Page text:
How Safe is Your Children’s Inheritance?

Maybe you want to provide for yearly family vacations. Or perhaps you’d like to help with the cost of college education for your grandchildren. Whatever the reason, we instinctively seek to ensure that the next generation has it just a little bit better than we did. But how safe is your children’s inheritance? The answer is: not as safe as you think.

A variety of factors could mean that what’s here today is gone tomorrow. However, the two main dangers to the legacy you pass down are creditors and predators. Creditors come in different forms. It could be credit card debt or medical bills. There is also a less obvious type of creditor: the holder of a lawsuit judgment. Imagine this: you work hard to build a nest egg for your family. You put in place a will, trust and other estate planning documents. You enjoy a long, healthy retirement. It seems as though you’ve done everything right, and on the surface, you have. Now imagine this: the day after you pass away, your son or daughter is involved in an auto accident. Then the other driver brings a lawsuit against that child, which the other driver wins. That money you left behind? The court could order that it be paid to the driver with whom your child was involved in the auto accident. Scary thought, right?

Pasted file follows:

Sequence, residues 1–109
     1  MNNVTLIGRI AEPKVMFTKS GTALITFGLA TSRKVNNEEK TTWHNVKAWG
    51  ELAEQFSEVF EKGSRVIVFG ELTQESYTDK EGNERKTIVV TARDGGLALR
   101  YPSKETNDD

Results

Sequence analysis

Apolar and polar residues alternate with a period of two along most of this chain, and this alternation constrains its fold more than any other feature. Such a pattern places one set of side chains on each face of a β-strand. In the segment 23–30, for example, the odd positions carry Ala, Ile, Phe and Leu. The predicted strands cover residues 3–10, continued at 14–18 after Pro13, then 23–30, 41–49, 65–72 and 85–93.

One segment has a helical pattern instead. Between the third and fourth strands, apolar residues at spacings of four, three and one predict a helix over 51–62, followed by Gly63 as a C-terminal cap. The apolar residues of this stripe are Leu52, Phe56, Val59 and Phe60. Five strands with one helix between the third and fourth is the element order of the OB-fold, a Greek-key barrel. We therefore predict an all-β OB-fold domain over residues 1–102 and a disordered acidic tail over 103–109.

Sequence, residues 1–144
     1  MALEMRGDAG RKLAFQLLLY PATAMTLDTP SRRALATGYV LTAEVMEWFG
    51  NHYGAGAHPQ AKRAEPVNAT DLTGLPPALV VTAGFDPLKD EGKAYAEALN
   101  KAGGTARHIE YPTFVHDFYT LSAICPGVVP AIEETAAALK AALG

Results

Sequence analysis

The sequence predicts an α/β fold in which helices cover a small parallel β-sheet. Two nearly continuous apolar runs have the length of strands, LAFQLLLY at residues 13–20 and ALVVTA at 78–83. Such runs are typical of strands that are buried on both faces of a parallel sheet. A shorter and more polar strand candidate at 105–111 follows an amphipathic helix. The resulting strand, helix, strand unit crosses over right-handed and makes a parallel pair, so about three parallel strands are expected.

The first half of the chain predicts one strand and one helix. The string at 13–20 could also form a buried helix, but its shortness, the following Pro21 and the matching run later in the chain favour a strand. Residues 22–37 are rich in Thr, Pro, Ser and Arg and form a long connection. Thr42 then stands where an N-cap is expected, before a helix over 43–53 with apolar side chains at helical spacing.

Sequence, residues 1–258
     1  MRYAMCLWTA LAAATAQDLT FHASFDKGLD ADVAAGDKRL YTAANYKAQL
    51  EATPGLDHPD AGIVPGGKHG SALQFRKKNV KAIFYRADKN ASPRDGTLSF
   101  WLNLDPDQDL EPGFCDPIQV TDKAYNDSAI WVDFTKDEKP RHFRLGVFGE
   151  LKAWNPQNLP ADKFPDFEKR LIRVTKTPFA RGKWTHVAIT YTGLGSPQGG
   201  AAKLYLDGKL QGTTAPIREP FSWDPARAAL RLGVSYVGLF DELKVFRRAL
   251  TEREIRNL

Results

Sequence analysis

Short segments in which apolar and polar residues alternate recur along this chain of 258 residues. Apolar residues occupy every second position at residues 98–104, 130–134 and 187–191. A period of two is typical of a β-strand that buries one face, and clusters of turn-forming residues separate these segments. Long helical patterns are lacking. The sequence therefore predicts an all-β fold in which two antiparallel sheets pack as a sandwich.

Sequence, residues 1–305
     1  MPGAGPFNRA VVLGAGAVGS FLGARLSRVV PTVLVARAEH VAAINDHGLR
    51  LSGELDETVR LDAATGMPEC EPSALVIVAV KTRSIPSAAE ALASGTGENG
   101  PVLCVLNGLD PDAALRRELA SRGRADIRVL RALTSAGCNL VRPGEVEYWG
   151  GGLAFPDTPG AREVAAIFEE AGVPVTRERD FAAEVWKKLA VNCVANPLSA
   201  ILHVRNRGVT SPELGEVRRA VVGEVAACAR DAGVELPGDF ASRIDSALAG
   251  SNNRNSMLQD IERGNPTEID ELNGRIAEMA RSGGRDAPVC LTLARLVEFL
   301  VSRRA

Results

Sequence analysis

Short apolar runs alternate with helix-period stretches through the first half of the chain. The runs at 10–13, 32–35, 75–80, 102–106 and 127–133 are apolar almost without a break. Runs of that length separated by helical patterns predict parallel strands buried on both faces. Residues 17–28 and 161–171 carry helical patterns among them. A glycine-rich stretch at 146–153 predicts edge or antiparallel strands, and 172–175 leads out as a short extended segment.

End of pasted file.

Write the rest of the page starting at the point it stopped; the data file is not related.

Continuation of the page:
The other primary threat to your legacy are predators. Think Bernie Madoff or the business partner who defrauds your loved one. More worrisome are divorcing spouses. Here is the common scenario: Party A receives an inheritance and deposits the money into a joint account with his or her spouse, Party B. The inheritance has now become marital property. Thereafter, Party A and Party B divorce. In divorce proceedings, marital property is usually split 50/50. That means Party B is likely to be awarded a portion of the inheritance. Surely the parents of Party A did not intend to benefit their now former son-in-law or daughter-in-law. Yet, that’s the result.

Fortunately, you can structure your estate plan so as to alleviate many of these concerns. It’s called continuing trusts, something we will discuss in detail next time.

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